Personal Essays by Gay Dads

Why This Gay Dad Always Dreaded Parent-Teacher Conferences

With his kids well into their twenties, Jim Joseph gets nostalgic watching friends post back-to-school images of pics of their kids trick-or-treating. One thing he doesn't miss though? The dreaded parent-teacher conference.

I know that social media has gotten a lot of flak in the last couple of years, mostly because of its political tendencies and political, shall we say, drama. Sure, I'm acutely aware of that. But there's a part of social media that is still exceedingly fun and rewarding, and I've been enjoying it a lot lately.

It's been so much fun seeing all of my friends and colleagues with their families during this year's back-to-school and Halloween festivities. School uniforms, backpacks, bake sales, fundraisers, and, of course, Halloween costumes.

I'm getting the chance to relive the years when I did all of that when my kids were young (they are now well into their '20's now!). I miss it. A lot.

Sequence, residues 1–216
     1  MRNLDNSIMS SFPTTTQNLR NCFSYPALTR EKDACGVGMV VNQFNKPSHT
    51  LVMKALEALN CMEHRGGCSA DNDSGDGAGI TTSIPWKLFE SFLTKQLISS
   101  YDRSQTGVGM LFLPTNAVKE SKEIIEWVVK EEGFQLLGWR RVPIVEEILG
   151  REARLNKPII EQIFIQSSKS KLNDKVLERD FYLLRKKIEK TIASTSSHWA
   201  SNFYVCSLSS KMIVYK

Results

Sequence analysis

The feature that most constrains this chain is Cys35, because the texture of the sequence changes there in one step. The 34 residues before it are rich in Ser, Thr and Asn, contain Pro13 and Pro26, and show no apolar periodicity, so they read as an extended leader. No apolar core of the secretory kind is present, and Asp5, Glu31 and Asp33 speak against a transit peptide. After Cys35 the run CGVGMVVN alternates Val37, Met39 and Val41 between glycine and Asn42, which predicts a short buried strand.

But I will say that there's one thing that I don't miss: Parent/Teacher Conferences. I've been seeing a lot of commentary about those too, and I have to be honest and say that those memories aren't nearly as pleasant.

At least not for me, not by a long shot.

You have to understand that I was a divorced, single, gay father back at a time when none of those things were acknowledged, accepted, or embraced. Today we have Facebook and Instagram to shine a festive light on all of our families during these universal moments, but back in my day I was completely in the dark. Not in the closet, but in the dark. All by myself. Cue the Celine Dion song.

So you can imagine, every new school year I would have to face a new teacher and, in some cases, a new batch of parents. I'd have to explain who I was and who we were, often multiple times with looks of disbelief all along the way.

I always made it a matter of course to let the teachers know the situation…I always assumed that if they "knew" me then they'd accept me, and they'd accept and protect my children. For the most part, I'm happy to say that it was true. It's harder to hate and ridicule someone when you really know them. I tried my best to make sure that the parents, administrators, and teachers "knew me." That way they'd accept and include my kids.